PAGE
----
The Roundtable discussion on 8/17 included a presentation of the results of a survey on professional development interests and expertise that was sent out to the NCEAS community. (Thank you to everyone who filled out the survey!) During the discussion, we spent quite a bit of time delving into ideas about presentations or discussions related to areas of professional development that elicited high interest from the survey respondents.
In the figures below, numbers of respondents who reported each level of interest and expertise are shown in the vertical, and different areas of professional development are listed from left to right. Purple segments represent level of interest, and green segments represent areas of expertise. Please let me know if you have any questions about how to interpret the figures.
Several people suggested topics for discussion in addition to the ones included in the survey:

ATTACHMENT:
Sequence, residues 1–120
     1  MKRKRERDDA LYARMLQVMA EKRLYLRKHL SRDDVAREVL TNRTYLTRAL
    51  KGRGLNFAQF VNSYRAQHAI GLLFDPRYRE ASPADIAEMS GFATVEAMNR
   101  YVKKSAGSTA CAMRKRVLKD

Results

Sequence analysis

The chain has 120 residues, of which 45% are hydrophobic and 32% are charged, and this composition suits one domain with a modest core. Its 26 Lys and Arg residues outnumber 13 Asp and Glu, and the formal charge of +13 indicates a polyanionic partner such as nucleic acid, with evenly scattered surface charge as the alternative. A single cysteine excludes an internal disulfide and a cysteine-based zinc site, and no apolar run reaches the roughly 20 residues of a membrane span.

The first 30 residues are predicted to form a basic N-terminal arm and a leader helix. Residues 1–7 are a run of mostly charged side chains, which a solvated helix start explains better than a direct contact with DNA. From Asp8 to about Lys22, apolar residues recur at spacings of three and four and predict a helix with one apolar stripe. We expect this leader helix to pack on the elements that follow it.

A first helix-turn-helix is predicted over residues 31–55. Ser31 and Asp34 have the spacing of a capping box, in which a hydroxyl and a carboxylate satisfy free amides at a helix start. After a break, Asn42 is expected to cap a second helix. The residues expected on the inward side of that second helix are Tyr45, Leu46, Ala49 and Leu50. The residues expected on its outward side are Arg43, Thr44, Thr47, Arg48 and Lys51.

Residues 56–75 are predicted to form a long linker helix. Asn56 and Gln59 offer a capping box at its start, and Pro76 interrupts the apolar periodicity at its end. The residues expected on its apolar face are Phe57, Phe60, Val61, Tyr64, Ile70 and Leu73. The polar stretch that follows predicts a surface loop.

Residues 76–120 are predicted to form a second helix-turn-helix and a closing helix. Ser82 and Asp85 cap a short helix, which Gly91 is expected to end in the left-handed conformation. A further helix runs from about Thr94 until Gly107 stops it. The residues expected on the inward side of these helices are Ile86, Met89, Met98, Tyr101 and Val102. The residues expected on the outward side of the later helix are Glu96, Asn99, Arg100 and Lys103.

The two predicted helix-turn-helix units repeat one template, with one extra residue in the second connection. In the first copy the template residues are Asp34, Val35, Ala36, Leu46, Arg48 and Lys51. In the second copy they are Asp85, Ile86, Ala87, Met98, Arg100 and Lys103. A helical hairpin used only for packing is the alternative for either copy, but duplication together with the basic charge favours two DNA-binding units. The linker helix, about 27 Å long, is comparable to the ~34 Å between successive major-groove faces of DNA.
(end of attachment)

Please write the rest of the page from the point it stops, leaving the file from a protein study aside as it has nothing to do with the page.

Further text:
- dealing with sexism and other forms of discrimination in a professional setting
- data visualization
- how to resolve tensions between competition (me first) vs. collaboration/cooperation (us together) modes of advancing science
- enhancing cross-disciplinary communication
- framing research results
Some interesting readings were also mentioned during the discussion:
- On single vs. multiple hypothesis research: Platt JR. (1964) Strong Inference. Science 164 (3642), pp. 347-353.
- On the ‘two cultures’: Snow CP. (1960) The Two Cultures and the Scientific Revolution, Cambridge University Press.
- On writing: Gopen GD and Swan JA. (1990) The Science of Scientific Writing. American Scientist 78, 550-558.
Please add a comment below if you’d like to suggest additional topics or readings. I hope that these survey results will be helpful for those planning to host the Roundtable in the coming months.
Just for fun, I also mapped out the survey participants based on shared interests and expertise using a self-organizing map (SOM) approach. The two images below show the results of this analysis. Colors represent cluster membership (k-means), and members of the same cluster can be expected to be more similar that members of different clusters.
See you at the next Roundtable!